The Jersey City Council voted 7-2 to approve a binding referendum asking residents to vote this November on moving city elections to the fall – starting in 2017.
Both Jersey City Council and the Mayor Steven Fulop Administration believe that combining municipal elections with general elections in November would increase voter participation and substantially increase taxpayer savings by eliminating additional expenses from the elections in May.
Before the votes, Scott Gawrych asked the council members not be the mayor’s “puppets” claiming that moving municipal elections was Fulop’s backup plan “when he loses the primary for governor.”
“If you’re truly interested in increasing voter turnout, you engage the constituents. This is a lazy move to dovetail on a popular election so that every dollar you spend trying to get things going your way, has a higher return on investment. That’s why,” he said when addressing the council.
As far as savings in combining two elections, Gawrych told city council that the dollar value must already be “earmarked to go towards something else.”
He asked city council where the talk of the savings was when the city spent over “$600,000 in raises and giving out tax abatements like candy?”
“If you cite that savings is a reason to vote yes, then every ordinance going forward better rely on savings.”
He also challenged the city council that if they believe there is no conflict of interest between Fulop’s expected run for governor and moving the elections to November, then they should wait until his term is over to move the elections to the fall.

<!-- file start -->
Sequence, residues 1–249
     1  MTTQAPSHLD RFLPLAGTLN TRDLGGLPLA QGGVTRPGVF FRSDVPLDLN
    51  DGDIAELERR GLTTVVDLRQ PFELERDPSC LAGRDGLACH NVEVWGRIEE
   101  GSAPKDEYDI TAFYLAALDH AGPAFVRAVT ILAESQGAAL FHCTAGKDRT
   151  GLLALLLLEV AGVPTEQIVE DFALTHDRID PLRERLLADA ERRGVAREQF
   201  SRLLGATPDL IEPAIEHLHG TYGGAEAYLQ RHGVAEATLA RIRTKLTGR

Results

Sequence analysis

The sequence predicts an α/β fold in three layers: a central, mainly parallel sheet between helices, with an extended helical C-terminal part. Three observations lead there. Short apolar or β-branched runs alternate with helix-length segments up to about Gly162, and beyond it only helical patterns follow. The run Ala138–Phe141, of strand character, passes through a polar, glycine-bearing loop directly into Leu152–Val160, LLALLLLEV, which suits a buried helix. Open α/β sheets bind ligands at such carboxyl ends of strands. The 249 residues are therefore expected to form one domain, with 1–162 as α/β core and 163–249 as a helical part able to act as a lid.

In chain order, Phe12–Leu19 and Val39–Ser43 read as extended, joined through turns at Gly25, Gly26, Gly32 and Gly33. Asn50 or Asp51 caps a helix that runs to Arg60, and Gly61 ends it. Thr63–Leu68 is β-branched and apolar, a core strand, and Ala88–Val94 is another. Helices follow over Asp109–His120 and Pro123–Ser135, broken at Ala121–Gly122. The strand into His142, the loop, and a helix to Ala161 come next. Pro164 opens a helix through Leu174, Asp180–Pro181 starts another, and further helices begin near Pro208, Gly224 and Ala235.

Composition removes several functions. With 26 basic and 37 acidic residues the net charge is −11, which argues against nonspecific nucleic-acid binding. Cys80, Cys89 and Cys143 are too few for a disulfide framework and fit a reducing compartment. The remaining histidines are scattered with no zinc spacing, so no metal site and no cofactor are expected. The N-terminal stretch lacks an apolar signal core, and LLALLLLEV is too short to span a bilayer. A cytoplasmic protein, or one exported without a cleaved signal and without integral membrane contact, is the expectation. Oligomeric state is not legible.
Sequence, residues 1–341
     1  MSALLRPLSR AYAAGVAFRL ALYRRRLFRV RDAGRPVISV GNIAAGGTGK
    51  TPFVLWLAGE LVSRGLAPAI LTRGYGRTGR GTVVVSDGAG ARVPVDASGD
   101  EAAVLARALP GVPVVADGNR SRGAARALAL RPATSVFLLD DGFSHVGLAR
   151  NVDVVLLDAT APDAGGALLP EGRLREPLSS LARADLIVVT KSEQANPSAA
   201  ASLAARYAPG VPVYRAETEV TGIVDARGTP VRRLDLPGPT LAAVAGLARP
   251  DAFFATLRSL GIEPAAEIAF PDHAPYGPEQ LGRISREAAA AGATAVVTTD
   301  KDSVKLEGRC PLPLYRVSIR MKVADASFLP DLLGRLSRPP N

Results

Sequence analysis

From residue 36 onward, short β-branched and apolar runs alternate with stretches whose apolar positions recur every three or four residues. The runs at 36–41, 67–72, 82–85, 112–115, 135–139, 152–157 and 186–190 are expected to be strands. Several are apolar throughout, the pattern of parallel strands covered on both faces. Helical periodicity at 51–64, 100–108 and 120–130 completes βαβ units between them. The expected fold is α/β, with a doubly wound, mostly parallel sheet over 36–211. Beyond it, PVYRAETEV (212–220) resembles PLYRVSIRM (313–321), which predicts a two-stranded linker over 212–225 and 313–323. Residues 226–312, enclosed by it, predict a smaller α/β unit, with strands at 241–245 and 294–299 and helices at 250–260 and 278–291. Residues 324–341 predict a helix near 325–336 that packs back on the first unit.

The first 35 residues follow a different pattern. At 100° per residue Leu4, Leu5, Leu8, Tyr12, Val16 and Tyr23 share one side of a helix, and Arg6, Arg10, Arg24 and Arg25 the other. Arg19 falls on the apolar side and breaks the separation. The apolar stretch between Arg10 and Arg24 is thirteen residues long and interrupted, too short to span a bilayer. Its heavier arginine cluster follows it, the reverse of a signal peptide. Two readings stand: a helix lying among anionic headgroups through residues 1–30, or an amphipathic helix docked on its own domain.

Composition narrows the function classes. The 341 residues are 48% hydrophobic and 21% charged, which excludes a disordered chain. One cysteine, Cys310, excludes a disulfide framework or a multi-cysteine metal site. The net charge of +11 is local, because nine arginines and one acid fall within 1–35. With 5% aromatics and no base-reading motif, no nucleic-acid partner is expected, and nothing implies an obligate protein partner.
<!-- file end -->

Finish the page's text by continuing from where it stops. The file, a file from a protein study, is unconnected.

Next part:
Although political analysts across the state nearly unanimously agree that Fulop will throw his hat in the ring for the 2017 Democratic primary for governor, Fulop’s office have previously stated that he has advocated moving the municipal elections to November since he was a councilman.
Bill Matsikoudis, the attorney who challenged the language of the non-binding referendum to voters during the November 2015 elections, asked if the elections will be changed from non-partisan to partisan and if there will be an interpretive statement regarding moving the run-offs from June to December.
Corporation Council Jeremy Farrell responded that “the Faulkner Act allows for a non-partisan election in May and November” and it “prescribes, if you’re going to have run-off elections how that run-off is calculated if the elections are in May or if the elections are in November.”
When it came time to vote, Ward C Councilman Rich Boggiano first motioned to include an interpretive statement, agreeing with Matsikoudis.
Although it was seconded by Ward D Councilman Michael Yun, the motioned was denied by a vote of 7-2.
For final passage, Ward D Councilman Michael Yun called the “$400,000” in possible savings “meaningless” if combining non-partisan and partisan elections will just cause confusion for voters in November.
Jersey City Council President Rolando Lavarro quoted President Obama’s State of the Union Address before voting yes to the ordinance.
“We’ve got to make it easier to vote. Not Harder. This is America. We want to make it easier for people to participate” and that’s what this binding referendum is all about, increasing citizen participation. There’s no better way to boost turn out in our elections on mayoral and council elections than moving it from May to November.”
Boggiano and Yun still voted against the ordinance.